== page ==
How to Improve Your Marriage Pictures


We’ve all had our share of bad photos. Think back to your fashion-questionable high school days, or those family portraits that looked more like the Adams Family than a happy family. It’s safe to say we all have pictures we would like to delete from the archives.

The other day, I came across The 50 Weirdest Engagement Portraits Of All Time. It’s just what it says…50 very weird engagement photos. They are painful to look at and they leave you asking, “What were they thinking?”

All this got me wondering, “What would pictures of my marriage look like over the years?”

No doubt there would be some good pictures. Pictures of young newly weds ready to take on the world. Pictures of proud first-time home owners. Pictures of proud first-time parents. Pictures of  birthdays, anniversaries and graduations. Pictures of trips and vacations.

But there would also be pictures that would make me cringe. Pictures of me being so self-absorbed I didn’t see my spouse’s need. Pictures of stress that spilled out onto my spouse. Pictures of stubbornness and refusal to compromise.

As an amateur photographer, I’m always interested in how to take better pictures. So I began to wonder, “How can I get better pictures of marriage?”

When it comes to making a good picture, you need to start with your focus. No matter how great the subject, light and composition may be, the picture is no good if it’s out of focus.

The same is true for marriage. To get great marriage pictures, you must get your focus right. You need to…

  • Focus more on your actions than your intentions. Good intentions are…well, good. But good intentions are not enough. You must have good actions behind those good intentions. Poor actions will quickly override good intentions, because what you do speaks louder than everything else.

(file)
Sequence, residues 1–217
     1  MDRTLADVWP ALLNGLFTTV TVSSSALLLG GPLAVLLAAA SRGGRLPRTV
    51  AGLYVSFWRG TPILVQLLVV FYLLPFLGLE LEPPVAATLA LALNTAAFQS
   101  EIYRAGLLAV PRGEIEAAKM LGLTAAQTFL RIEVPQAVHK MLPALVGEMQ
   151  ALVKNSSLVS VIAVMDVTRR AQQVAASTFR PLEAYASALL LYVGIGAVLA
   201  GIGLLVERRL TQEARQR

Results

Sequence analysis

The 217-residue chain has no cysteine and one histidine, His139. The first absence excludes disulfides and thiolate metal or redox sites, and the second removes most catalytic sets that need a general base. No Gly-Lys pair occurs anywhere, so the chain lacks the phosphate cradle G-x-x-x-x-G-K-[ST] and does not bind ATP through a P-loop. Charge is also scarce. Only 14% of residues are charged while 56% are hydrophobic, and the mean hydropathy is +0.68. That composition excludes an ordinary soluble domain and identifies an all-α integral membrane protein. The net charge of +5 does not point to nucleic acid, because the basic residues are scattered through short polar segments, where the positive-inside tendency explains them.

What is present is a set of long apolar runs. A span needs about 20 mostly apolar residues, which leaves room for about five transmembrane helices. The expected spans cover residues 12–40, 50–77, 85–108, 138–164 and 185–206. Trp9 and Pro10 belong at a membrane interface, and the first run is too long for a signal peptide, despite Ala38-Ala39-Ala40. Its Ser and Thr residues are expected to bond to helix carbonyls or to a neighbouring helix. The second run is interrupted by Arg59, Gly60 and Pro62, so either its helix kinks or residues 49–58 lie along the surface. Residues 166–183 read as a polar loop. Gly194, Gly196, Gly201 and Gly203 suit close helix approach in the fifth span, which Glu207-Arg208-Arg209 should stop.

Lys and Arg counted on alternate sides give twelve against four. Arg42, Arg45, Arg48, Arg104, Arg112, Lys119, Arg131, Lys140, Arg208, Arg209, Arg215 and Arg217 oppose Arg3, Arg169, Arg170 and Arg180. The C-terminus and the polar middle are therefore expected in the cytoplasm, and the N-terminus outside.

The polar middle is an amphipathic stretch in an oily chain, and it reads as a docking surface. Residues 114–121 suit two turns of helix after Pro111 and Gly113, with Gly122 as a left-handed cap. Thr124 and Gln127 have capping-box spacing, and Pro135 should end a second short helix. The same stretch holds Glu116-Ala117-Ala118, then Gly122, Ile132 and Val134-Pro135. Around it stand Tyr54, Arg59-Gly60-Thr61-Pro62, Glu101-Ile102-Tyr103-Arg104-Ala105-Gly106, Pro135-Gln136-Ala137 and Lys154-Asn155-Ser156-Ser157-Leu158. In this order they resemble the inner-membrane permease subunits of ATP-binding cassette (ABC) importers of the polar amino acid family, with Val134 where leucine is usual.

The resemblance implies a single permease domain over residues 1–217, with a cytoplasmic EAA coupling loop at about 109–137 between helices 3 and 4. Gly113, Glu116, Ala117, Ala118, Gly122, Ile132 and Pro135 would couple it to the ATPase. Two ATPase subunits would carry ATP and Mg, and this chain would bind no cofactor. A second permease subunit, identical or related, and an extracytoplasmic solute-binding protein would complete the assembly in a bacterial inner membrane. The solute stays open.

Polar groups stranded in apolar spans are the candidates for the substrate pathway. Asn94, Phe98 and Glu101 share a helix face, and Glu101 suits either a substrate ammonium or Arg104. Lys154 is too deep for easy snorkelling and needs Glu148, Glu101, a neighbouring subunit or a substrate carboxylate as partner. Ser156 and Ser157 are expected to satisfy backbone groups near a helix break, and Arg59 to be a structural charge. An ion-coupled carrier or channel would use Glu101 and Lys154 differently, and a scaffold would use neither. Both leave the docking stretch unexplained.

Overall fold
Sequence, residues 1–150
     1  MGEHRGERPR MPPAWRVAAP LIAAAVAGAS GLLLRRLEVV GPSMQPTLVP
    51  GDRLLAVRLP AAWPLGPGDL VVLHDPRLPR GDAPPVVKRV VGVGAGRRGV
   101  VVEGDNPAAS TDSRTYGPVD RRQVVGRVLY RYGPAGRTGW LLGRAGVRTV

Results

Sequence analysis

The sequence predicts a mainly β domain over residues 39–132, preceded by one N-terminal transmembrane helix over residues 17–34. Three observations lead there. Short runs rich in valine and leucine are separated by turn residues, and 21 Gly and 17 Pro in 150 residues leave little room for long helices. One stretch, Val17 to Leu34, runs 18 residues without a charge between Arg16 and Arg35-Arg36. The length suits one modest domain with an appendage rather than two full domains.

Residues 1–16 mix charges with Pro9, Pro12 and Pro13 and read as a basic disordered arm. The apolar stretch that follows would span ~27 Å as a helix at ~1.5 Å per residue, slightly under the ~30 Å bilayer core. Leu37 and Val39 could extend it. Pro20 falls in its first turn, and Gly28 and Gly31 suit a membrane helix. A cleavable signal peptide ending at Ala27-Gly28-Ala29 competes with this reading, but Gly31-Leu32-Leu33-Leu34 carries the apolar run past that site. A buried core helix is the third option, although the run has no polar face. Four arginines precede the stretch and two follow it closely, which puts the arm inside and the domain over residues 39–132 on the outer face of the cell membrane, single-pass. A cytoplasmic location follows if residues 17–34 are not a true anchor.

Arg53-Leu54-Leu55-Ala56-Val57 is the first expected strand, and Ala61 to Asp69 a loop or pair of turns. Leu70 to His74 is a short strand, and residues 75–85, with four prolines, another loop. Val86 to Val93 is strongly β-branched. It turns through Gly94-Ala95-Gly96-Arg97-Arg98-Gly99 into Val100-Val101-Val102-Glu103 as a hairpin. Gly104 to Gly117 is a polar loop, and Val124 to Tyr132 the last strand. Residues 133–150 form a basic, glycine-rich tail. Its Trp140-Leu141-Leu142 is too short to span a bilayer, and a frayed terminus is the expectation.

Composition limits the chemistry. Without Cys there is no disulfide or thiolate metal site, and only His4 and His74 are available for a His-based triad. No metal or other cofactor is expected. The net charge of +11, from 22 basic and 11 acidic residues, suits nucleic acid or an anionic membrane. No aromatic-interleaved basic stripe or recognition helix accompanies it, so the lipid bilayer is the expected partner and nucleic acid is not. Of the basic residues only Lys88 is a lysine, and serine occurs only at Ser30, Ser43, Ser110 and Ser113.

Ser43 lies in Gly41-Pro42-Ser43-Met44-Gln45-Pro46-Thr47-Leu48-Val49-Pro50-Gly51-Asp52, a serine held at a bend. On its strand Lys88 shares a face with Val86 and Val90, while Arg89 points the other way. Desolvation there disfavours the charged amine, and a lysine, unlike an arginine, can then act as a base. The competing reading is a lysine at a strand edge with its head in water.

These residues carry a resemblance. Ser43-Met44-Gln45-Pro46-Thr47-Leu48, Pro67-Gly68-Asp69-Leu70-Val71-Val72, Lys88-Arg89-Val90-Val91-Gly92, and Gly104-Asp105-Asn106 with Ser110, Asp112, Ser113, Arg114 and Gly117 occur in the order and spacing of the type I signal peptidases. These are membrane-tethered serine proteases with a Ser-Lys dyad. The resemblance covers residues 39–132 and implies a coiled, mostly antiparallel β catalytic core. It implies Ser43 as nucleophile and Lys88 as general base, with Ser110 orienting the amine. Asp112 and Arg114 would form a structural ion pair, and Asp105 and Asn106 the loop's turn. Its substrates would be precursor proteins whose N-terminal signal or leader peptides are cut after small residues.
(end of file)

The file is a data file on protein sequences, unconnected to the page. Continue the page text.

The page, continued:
• Focus on your spouse’s need for help more than on their need for improvement. Your spouse doesn’t need your critique, they need your care. They don’t need you to evaluate them, they need you to elevate them. When it comes to marriage, your job is support…not quality control.
  • Focus on your tone of voice more than on theirs. Tone of voice prompts more marital clashes than practically anything else. Just know that your spouse is not the only one in the marriage wielding a tone of voice.  A sarcastic, critical or belittling tone of voice is cancerous to a marriage. It cuts deep and breeds contempt, so remember Prov. 15:1: “A gentle answer turns away wrath, but a harsh word stirs up anger.”
  • Focus on your bad family traits more than on theirs. It’s really easy to see negative things in your spouse that came from their family, but it’s not so easy to see that in yourself. Every family is “different,” and we all are a little “different” for having grown up in our “different” families.  But if you own and work on your bad family traits, you’ll be too busy to worry about your spouse’s.
  • Focus on serving more than being served. No matter how selfless we think we are, we all get married because we think marriage will be good for us. Unknowingly, our focus is more about what we will get out of marriage than what we will put into marriage. Trying to out-serve your spouse is a great way to create good marriage pictures.

So how’s your focus? If I took a picture of your marriage today would it be something you would be proud of, or would it be something that would embarrass you and make you shove it to the back of the album with all those out-of-focus pictures of your quirky family’s pie eating contest? Lot’s of people are looking at your marriage pictures. Make sure you’re making good ones.

Can you think of other ways to improve the focus of your marriage pictures? If so, share them. Let’s add to the list.

Copyright © 2016 Bret Legg